Software giant Microsoft Corp. (MSFT – Free Microsoft Stock Report) started fiscal 2012 (ends June 30th) with good financial results, reporting revenues and earnings of $17.37 billion and $0.68 a share, versus our estimates of $17.50 billion and $0.67. Each of the company's five business segments performed well, though the Online Services Division continued recording red ink. There was not much reaction on Wall Street, as the stock rose marginally in a strongly higher stock market.
Windows 7 remains quite popular, though consumers continue to reach for tablets and smartphones, dampening demand at the retail level. Nonetheless, the business PC upgrade cycle still has legs, likely lasting through the fiscal year, at least. We expect demand from emerging markets to continue topping that from the developed market, as has been the case for some time.
Business seems to be thriving at Server and Tools. Microsoft's strong position in this arena, coupled with the increase in corporate spending on software and related services, are factors underpinning this group's performance. In addition, trends toward more use of virtualization and the desire to handle large amounts of data (''big data'') work in the software vendor's favor. A new release of Windows Server (upcoming) is also a positive.
Moving on, the Microsoft Business Division remains on a roll. Office 2010 has clearly been a success, with businesses (small and large) and consumers both gravitating towards the new office productivity suite. Moreover, Sharepoint, Lync, and Exchange are doing quite nicely, which should help Microsoft's ongoing efforts to expand its communication ecosystem. Last, but not least, Office 365 has gotten off to a strong start, with the ancillary effect being that small businesses are showing increased interest in cloud services.
Meanwhile, there has been a lot of activity at the Entertainment and Devices Division recently. As usual, Xbox/Kinect was a standout, with families and gameplayers continuing to favor the duo over the competition. Elsewhere, the latest update of Windows Phone has been released, with it generally finding good reviews. A broad range of handset makers will be offering products with the new system. In addition, the Skype acquisition was recently closed. Microsoft and its new addition will now go to work weaving Skype's services into its communication ecosystem.
Finally, the Online Services Division is making progress, with Bing picking up market share in search. Nonetheless, the challenge related to monetizing those searches remains. Microsoft and its partner Yahoo! (YHOO) are focused on improving the revenue generated per search (RPS). The reality is Online Services is a high fixed-cost business, and revenue growth is the key to moving into profitability. As an aside, Microsoft has a keen interest in what may transpire at Yahoo!, as that company explores what changes are to be made to its organizational structure. As it stands now, we do not foresee that the partnership would be adversely affected by any changes in structure that Yahoo! may decide to take.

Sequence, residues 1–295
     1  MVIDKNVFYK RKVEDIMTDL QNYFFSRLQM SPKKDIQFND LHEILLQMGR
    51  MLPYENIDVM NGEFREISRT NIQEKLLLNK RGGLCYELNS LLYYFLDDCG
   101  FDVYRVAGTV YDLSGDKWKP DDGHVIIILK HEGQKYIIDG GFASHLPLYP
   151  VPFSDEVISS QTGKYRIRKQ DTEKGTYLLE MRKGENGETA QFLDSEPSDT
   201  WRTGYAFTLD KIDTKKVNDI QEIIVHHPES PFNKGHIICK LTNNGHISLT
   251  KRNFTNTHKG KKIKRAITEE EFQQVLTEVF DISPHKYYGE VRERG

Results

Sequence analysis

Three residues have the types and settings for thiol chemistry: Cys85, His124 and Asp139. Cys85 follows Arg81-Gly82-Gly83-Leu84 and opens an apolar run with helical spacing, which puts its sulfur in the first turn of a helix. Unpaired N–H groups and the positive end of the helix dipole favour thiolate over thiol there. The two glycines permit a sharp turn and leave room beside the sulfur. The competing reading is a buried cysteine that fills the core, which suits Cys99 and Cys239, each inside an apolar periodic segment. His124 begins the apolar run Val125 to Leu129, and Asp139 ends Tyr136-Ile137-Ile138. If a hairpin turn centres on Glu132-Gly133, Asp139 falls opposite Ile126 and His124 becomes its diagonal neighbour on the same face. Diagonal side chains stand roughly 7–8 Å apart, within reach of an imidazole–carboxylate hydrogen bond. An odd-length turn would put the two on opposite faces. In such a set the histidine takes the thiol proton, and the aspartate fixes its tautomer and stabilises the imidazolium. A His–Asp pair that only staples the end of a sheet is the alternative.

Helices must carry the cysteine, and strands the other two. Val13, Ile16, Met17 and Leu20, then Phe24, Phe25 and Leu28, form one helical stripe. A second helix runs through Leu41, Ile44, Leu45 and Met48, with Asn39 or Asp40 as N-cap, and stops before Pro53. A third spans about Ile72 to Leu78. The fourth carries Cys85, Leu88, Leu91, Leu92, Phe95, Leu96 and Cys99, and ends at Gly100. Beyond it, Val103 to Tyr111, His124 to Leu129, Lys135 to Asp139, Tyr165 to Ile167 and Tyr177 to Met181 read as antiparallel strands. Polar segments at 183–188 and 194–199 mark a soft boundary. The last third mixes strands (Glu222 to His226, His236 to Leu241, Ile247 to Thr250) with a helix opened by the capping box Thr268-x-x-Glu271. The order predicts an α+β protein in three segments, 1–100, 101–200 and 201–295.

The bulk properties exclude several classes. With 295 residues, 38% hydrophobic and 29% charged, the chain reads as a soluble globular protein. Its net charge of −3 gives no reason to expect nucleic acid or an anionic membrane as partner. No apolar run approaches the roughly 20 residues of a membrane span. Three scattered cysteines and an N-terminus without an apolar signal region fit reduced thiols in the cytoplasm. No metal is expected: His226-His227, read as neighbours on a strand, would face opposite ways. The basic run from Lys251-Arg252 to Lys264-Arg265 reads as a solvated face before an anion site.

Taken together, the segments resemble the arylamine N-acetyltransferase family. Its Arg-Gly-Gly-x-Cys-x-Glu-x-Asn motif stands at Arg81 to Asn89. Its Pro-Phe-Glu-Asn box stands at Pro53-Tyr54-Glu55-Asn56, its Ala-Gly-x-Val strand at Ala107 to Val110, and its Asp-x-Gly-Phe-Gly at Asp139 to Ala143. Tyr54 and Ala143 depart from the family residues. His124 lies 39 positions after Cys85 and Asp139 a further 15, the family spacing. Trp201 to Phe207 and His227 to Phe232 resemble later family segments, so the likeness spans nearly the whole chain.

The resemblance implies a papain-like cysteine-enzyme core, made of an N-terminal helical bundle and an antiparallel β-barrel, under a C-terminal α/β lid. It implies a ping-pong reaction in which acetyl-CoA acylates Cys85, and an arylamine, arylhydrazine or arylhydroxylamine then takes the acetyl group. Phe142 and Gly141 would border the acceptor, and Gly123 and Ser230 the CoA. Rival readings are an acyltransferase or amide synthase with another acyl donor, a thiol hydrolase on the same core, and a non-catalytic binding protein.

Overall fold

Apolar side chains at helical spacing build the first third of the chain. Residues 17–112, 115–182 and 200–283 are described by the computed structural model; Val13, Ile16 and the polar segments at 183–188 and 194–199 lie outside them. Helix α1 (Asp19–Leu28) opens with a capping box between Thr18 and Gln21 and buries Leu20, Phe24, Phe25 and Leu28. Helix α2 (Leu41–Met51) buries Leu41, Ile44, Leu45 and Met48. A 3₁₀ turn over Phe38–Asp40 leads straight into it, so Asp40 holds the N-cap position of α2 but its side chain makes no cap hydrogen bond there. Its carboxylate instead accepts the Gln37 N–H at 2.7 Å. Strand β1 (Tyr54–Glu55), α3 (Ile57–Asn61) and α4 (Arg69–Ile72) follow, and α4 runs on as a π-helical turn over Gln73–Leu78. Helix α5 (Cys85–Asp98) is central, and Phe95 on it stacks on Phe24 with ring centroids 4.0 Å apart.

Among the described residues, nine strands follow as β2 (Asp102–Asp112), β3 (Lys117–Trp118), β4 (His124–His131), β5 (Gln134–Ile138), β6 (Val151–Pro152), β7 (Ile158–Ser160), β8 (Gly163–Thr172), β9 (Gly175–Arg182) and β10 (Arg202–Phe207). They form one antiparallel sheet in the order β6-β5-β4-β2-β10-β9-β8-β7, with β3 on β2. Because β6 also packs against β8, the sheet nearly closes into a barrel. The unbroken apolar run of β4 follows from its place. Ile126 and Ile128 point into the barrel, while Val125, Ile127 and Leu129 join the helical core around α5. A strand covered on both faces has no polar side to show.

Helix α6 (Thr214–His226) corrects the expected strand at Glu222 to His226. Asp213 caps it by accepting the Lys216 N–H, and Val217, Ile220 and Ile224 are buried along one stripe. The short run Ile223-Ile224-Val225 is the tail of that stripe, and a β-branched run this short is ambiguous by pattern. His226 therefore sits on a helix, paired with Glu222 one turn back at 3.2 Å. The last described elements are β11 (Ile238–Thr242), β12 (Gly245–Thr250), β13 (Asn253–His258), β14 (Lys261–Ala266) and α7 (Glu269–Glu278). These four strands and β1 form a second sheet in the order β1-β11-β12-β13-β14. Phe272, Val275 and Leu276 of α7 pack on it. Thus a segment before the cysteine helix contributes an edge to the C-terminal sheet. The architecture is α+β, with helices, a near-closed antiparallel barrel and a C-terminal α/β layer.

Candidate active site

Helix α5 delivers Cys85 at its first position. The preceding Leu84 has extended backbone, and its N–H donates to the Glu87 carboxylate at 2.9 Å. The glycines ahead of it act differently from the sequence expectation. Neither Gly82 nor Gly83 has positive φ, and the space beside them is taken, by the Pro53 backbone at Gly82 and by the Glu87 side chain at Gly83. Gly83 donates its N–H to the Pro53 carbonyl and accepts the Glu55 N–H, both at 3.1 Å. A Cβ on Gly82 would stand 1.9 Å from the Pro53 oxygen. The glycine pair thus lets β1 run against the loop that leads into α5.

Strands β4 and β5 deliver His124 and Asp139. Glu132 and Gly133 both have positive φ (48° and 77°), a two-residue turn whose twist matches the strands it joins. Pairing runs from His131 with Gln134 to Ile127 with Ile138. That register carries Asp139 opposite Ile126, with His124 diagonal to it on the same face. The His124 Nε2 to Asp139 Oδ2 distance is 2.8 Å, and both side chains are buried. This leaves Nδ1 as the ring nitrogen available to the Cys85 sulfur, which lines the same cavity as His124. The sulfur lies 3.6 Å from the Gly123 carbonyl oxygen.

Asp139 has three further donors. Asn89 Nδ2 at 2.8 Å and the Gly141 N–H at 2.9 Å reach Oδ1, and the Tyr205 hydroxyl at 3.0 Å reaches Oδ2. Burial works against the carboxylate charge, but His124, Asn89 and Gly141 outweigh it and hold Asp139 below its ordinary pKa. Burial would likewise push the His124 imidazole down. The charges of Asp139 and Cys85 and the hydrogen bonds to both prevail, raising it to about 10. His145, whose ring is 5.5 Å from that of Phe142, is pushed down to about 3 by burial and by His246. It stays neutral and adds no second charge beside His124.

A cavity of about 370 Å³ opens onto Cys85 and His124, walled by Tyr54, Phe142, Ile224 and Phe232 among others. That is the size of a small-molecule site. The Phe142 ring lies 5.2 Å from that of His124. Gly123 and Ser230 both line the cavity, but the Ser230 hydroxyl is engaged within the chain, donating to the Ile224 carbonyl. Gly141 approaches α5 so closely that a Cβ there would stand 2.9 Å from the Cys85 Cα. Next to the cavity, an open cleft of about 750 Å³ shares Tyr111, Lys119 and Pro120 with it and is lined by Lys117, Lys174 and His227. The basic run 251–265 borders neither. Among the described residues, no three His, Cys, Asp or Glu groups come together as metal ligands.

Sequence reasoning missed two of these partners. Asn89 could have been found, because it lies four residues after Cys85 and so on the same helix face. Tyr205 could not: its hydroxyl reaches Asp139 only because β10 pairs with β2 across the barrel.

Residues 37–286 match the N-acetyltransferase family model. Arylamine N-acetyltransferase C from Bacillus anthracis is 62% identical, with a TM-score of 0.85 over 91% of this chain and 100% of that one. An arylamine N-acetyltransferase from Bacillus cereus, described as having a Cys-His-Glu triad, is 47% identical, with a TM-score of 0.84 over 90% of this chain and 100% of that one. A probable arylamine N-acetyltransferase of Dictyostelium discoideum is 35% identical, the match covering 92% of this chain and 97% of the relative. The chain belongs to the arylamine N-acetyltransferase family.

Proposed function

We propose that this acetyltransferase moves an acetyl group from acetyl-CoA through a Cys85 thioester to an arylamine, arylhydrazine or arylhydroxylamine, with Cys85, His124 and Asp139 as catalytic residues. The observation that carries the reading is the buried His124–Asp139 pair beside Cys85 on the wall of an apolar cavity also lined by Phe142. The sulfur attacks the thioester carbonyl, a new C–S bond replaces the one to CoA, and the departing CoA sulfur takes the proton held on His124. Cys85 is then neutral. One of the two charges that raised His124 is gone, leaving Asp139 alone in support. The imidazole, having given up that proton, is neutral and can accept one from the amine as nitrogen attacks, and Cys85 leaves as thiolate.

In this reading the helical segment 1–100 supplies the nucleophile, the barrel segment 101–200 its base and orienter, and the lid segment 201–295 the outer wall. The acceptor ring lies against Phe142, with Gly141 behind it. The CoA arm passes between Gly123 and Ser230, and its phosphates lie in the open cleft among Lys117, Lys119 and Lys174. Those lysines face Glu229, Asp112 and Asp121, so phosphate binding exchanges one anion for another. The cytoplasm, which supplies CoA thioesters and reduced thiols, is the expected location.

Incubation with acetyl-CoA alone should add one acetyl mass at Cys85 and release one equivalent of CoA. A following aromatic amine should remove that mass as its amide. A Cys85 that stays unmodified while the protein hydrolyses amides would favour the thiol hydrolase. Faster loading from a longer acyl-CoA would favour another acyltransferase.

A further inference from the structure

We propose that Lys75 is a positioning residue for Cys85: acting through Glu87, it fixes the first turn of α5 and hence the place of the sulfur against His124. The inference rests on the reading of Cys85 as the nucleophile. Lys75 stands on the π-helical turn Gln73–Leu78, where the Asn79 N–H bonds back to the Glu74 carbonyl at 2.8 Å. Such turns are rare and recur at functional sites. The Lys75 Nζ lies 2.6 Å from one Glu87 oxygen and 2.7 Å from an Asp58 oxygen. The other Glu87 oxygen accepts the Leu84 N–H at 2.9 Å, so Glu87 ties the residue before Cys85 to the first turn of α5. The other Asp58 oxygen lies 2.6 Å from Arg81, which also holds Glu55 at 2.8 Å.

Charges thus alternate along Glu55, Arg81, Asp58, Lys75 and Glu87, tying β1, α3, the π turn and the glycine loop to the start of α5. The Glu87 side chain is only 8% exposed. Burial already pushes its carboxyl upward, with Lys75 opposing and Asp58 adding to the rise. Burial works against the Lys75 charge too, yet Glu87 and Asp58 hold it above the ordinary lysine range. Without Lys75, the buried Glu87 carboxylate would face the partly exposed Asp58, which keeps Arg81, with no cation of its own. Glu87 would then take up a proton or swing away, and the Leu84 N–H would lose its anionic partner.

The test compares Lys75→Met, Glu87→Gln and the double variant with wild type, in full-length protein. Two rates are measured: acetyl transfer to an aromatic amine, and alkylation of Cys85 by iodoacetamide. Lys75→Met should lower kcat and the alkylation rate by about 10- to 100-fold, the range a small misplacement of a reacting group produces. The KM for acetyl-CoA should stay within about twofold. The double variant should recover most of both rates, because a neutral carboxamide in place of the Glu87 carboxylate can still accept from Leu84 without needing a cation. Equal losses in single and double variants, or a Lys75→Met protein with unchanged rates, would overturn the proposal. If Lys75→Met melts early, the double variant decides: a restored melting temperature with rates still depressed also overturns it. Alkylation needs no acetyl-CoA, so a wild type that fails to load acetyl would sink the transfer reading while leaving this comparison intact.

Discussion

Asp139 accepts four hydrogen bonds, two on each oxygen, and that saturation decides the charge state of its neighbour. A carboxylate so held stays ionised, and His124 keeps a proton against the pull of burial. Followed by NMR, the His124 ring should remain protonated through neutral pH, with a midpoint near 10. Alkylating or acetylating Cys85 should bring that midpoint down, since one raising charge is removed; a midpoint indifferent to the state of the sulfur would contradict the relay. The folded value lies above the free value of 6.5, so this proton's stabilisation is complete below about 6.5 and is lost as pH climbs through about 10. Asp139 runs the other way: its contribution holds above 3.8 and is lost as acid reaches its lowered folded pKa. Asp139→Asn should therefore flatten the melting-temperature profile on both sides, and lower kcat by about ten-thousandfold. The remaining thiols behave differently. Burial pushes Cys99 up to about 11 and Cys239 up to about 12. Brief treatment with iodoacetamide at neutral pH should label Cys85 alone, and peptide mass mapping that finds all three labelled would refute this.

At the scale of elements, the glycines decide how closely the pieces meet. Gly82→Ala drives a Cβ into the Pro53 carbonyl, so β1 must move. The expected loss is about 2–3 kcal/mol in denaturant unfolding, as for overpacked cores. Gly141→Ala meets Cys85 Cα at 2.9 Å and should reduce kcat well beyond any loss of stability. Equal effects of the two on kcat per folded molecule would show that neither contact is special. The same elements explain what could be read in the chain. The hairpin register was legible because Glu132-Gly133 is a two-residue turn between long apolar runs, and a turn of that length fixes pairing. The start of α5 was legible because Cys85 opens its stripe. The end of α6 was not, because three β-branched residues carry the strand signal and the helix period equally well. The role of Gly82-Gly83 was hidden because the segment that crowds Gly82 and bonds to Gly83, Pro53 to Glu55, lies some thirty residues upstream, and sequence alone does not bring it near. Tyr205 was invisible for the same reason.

As we have commented before, Microsoft is clearly engaged in moving its products and services more deeply into higher-growth markets. Windows 8 is coming down the pike, and it is making headway in mobile communications. Meanwhile, the holiday lineup looks good for Xbox/Kinect. In brief, then, we expect Microsoft to continue performing well operationally as the year progresses, generating copious cash flow. That said, our revenue and earnings estimates for fiscal 2012 are unchanged, at $74.5 billion and $2.80 a share. Dividend increases and share buybacks should remain on the agenda, supporting the return for shareholders. We continue to advise that this stock is likely to be of most interest to those with an intermediate-time horizon.
About The Company: Microsoft Corp. is the largest independent maker of software. It develops and sells products for a wide range of computing devices. The company also sells the Xbox video game console. Revenue sources in fiscal 2011 were as follows: Microsoft Business, 31.7% of total; Windows & Windows Live, 27.2%; Server and Tools, 24.4%; Entertainment & Devices, 12.7%; Online Services, 3.6%; Other, 0.4%. Research & development spending as a percent of 2011 sales was 12.9%.
At the time of this article’s writing, the author did not have positions in any of the companies mentioned.